Building personas (profiles of the customers you most want to sell to) is like flossing. You know you should do it, but it always seems to be too much time and trouble. Besides, you’re not sure it’s that it’s worthwhile.
If that sounds like you, take a lunch break to watch this 30-minute video from the MarketingSherpa Internet Marketing Webinar Archive. It describes how IHS, a global provider of B2B market data, got measurable boosts to sales from its use of personas. Just as importantly, it’s full of specific tips for how to perform good persona “hygiene” without staying up half the night.
And it’s one of those well-done presentations that’s actually fun to watch.
First, the challenge. IHS was getting hundreds of thousands of site visitors per month, said Senior Director of Demand Management Byron O’Dell, but relatively few were doing anything but looking at the top-level pages. Like many, if not all, B2B companies IHS needed to convert those visitors into more qualified leads.
Now, the results: From the first half to the second half of 2013, IHS estimates marketing’s contribution to its aerospace and defense business revenue rose 83%. (Note that’s not increases to Web hits, downloads or even sales calls, but revenue.) O’Dell gives credit to a content marketing and lead gen program built around the unique needs of six primary personas, supplemented by about 20 secondary personas.
IHS’s marketing and product management teams created six personas, based on their experience with customers as well as data from the company’s CRM system. Only then did it take it to the busy sales teams.
The sales folks, who understand best how deals actually get done, suggested adding more detail to the mix by adding about another 20 “secondary personas.” For example, under the single primary “Military/government planning and strategy” persona, sales recommended creating one sub-persona of “strategy and planning” professionals and another sub-persona of “research and development” prospects.
This is important because each persona is supposed to represent a group with unique content needs. I’d guess, for example, that someone in planning and strategy has a need for shorter-term market predictions than does someone in research and development. Under the “Media/Advertising/PR” persona IHS was smart to create “Reporter/media” and “advertising” sub-personas. For reporters, IHS might want to highlight the free statistics they can provide in return for media exposure. For advertising agencies, it might want to push case studies about the value of their custom, paid research.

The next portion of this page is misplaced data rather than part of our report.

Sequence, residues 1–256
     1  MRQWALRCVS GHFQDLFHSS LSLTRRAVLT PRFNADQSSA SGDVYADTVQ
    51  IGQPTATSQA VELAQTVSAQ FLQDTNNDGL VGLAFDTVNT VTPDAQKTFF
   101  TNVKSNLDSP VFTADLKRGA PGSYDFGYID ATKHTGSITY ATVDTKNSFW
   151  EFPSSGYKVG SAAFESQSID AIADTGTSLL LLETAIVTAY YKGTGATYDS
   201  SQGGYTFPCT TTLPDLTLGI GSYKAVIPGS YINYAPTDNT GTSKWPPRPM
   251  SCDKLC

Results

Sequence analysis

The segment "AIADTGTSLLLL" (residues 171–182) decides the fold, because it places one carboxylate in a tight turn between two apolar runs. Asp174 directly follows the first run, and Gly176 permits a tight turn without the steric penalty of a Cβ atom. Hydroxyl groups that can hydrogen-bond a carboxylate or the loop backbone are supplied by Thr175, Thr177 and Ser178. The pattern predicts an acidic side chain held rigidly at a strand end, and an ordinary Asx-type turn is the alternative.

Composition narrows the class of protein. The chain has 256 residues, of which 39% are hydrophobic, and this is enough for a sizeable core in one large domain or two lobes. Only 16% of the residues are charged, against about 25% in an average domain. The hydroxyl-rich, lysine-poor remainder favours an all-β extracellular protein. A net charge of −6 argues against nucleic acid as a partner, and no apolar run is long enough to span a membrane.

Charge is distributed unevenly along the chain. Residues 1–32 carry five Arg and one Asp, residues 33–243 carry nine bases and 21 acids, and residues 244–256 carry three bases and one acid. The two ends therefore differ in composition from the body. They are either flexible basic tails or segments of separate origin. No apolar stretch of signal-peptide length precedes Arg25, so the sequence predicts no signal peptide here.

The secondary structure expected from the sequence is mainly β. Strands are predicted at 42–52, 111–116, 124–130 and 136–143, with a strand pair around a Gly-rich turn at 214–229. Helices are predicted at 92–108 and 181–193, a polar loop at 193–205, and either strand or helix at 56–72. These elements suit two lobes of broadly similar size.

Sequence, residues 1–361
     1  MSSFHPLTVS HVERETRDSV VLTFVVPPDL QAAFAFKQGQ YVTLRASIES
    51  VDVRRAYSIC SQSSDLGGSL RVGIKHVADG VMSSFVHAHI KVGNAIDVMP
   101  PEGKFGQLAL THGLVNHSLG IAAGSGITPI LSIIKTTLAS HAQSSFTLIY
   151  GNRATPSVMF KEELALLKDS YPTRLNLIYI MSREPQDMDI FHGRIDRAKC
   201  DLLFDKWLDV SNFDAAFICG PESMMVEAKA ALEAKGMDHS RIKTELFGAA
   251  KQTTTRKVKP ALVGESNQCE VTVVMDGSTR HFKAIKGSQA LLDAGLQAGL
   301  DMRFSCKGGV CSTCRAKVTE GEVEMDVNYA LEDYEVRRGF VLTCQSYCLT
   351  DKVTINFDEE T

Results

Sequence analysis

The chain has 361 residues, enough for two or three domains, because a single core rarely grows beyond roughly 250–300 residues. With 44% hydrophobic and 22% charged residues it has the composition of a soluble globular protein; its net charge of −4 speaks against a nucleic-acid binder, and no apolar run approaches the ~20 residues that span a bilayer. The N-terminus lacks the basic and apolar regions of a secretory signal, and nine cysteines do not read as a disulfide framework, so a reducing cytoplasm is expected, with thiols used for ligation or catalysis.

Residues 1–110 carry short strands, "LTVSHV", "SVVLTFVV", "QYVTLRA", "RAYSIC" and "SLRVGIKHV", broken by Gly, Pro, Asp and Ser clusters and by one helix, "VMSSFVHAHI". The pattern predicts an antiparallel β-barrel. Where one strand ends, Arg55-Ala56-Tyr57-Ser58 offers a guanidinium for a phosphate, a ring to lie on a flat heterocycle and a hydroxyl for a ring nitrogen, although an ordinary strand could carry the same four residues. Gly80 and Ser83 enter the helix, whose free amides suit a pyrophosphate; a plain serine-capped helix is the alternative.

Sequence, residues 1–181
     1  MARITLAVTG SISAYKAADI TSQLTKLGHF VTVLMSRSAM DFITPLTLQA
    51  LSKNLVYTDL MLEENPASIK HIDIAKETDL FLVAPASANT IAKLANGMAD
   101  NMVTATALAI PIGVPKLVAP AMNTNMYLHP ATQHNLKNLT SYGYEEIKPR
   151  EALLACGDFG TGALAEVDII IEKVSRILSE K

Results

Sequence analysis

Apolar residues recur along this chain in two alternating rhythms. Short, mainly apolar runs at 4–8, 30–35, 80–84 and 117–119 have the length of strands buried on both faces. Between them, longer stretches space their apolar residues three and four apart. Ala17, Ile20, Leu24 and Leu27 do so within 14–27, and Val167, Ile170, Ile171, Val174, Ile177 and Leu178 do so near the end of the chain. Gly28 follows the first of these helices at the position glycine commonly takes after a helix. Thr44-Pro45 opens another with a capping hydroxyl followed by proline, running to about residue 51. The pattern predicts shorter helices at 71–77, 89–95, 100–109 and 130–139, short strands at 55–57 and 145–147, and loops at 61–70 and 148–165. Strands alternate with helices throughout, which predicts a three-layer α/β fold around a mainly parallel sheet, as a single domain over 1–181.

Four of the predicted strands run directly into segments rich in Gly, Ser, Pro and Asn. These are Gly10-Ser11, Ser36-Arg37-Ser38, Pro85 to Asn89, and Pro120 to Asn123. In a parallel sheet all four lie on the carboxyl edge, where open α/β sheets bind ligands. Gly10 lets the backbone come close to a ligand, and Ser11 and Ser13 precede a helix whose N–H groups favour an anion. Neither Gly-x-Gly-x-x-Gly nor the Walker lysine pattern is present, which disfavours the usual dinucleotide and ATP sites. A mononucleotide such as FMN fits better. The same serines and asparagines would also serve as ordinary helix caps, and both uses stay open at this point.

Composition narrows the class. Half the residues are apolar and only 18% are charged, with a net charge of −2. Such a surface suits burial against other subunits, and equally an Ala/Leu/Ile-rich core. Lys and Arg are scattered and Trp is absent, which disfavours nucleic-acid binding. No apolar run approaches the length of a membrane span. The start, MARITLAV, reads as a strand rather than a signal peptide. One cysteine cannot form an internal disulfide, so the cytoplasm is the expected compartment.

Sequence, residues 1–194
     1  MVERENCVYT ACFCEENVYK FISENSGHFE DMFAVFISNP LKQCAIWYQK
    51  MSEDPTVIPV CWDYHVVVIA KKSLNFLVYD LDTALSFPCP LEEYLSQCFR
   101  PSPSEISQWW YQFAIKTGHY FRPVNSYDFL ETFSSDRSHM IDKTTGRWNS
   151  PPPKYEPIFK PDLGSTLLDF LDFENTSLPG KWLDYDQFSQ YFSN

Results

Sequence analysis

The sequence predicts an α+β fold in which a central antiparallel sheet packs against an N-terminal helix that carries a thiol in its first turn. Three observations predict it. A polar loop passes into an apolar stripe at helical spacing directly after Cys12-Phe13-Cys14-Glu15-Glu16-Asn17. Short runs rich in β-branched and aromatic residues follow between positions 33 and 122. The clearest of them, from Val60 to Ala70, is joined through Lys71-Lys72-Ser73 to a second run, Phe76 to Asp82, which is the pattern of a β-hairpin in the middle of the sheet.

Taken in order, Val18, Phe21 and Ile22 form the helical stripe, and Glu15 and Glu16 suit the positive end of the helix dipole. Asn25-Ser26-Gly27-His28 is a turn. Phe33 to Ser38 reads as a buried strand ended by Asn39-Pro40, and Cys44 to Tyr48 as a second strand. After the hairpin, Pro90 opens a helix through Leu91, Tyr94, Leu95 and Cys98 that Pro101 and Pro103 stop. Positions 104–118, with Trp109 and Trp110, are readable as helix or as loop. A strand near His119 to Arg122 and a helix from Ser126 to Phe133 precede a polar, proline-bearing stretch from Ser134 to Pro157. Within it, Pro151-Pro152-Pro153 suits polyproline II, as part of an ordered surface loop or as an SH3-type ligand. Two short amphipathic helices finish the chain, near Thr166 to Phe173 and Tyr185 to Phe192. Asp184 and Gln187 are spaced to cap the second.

Step by Step
Rather than wait until they had the perfect, global persona-based strategy, O’Dell didn’t stop doing “batch and blast” content marketing while he developed his personas. He simply added the more granular, persona-based offers where they made sense and as his team developed them.
IHS also had the patience to map out a sequential approach to what content they would offer each “persona” based on their past behavior. For example, they sent everyone in one persona an email offering a white paper with an overview of its forecasts for the simulation and training market over the next ten years. Only those who downloaded the white paper, though, received a follow-up asking if they’d like to book a demo of their online data analysis service.
“We saw great conversion between those two steps,” said O’Dell, with those scheduling a demo turning out to be “high quality leads.” If someone clicks on a button asking for a demo, he says, there’s “noting ambiguous” about their interest.
IHS also didn’t turn prospects off by asking them to identify their persona and sub-persona through a lengthy qualification “gate” in their first interaction. It was only after the third week of the campaign that IHS asked for detailed answers that identified their sub-persona. By that time, after seeing some of HIS’s more valuable content, about half volunteered the extra information. It also used outside databases to pre-fill some of the prospect’s content info to reduce their workload.
The Angels Are in the Details
The IHS approach makes sense to me because it mirrors how I want to research products. I need the provider to prove their value before I give up too much information or agree to a sales call. And I’ll most likely to respond to a pitch that reflects my specific needs and interests.
Secondary personas help prevent you from spamming prospects with vague or irrelevant content. But for those of you out there using personas, are secondary personas just too much work?
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